Press Release states: "Based in Orange County, Calif., Amplicon leases high-technology capital assets nationwide utilizing an innovative sales management organization that delivers cost

effective leasing alternatives to meet customer needs."




Amplicon Reports Lower Third Quarter EPS of $0.36



SANTA ANA, Calif.--(BUSINESS WIRE)--April 27, 2001--Amplicon Inc. (Nasdaq:AMPI) today reported

that net earnings for the third quarter ended March 31, 2001 decreased 23% to $4.1 million,

compared with $5.3 million for the third quarter of fiscal 2000.


Diluted earnings per share decreased 20% to $0.36 compared with $0.45, benefiting from a lower

number of common shares outstanding. For the nine months ending March 31, 2001, net earnings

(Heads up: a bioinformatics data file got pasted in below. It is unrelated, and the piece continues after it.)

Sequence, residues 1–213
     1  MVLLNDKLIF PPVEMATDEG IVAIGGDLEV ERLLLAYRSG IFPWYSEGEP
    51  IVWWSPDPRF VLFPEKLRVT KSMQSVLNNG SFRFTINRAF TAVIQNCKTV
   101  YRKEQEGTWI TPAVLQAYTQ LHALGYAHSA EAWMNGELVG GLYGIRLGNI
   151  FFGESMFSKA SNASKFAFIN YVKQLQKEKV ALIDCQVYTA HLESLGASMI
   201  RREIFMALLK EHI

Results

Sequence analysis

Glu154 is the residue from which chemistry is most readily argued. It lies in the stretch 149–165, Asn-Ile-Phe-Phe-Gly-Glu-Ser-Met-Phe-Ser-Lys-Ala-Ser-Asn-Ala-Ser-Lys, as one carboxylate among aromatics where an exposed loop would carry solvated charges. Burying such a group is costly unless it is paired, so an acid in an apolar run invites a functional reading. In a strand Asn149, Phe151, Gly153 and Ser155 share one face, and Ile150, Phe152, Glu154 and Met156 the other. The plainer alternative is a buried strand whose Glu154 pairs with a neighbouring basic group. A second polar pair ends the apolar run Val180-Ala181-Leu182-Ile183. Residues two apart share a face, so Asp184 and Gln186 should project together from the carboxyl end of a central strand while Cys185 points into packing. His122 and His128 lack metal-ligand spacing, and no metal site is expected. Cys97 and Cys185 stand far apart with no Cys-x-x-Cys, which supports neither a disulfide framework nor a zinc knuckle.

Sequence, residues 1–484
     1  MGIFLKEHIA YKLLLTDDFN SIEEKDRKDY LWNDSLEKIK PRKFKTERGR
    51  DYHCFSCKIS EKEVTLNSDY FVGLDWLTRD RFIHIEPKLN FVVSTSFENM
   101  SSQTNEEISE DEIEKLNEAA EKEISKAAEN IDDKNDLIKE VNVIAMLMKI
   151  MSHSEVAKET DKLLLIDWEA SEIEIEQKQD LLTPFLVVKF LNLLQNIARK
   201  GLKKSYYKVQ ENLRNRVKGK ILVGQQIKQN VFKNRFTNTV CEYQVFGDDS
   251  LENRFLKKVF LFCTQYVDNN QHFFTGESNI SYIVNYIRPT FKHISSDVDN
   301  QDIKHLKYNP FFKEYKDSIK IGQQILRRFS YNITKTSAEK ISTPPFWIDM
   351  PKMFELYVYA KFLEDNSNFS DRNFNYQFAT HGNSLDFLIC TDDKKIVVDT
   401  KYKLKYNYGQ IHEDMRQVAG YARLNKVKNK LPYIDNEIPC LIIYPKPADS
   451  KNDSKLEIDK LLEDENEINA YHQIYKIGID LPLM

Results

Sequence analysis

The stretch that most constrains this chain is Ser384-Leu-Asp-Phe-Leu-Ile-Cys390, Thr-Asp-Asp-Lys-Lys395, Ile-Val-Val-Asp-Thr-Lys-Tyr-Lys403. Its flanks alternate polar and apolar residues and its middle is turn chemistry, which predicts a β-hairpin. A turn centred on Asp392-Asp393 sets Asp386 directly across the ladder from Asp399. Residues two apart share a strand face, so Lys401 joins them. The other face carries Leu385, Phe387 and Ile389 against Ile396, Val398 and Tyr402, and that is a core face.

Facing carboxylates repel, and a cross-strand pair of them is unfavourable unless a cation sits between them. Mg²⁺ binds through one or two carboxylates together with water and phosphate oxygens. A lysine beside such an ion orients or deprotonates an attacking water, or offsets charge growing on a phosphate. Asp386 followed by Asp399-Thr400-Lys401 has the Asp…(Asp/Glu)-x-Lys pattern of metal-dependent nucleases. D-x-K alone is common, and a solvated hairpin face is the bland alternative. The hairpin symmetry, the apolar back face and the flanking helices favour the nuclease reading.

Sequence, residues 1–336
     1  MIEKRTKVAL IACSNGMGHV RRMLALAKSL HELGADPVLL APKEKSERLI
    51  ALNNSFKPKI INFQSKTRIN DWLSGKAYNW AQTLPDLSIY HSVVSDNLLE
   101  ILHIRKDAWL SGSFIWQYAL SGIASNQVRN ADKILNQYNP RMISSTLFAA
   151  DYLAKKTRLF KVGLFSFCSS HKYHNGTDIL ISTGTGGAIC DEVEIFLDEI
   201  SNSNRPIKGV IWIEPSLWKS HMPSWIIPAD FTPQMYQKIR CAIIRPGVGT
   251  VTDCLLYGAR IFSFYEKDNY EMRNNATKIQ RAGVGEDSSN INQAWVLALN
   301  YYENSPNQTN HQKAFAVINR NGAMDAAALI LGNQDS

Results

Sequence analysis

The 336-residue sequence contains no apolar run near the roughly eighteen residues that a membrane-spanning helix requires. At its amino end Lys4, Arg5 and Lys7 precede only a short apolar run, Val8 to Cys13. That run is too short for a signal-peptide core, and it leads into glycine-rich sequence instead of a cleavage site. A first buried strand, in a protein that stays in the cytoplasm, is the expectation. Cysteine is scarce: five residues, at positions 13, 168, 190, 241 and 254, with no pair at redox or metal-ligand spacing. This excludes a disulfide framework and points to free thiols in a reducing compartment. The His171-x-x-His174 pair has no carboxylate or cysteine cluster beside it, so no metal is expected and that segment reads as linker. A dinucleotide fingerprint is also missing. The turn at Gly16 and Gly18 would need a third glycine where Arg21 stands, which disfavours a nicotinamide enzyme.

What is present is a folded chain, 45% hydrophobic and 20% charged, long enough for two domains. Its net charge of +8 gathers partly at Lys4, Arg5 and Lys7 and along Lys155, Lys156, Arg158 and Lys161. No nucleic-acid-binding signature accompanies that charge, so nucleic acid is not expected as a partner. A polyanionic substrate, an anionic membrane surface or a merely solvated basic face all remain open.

decreased 22% to $11.7 million, compared with $14.9 million for the first nine months of the

prior fiscal year. Diluted earnings per share for the first nine months of fiscal 2001 were

$1.02, down 18% from $1.25 reported for the first nine months of the prior year, also reflecting

a lower number of common shares outstanding.


Total revenues for the third quarter ended March 31, 2001 decreased 17% to $16.5 million,

compared with $19.9 million for the third quarter a year ago. The decreased revenues reflect

lower revenues from sales of leased property and sales type leases, as well as lower interest

income from cash and short-term investments, offset by higher revenues from direct financing

leases. Gross profit of $11.9 million for the third quarter of fiscal 2001 decreased $900,000,

or 7% from the prior year, reflecting lower income recognized from the sale or re-lease of

leased property, lower income from new lease transactions, and lower interest income from cash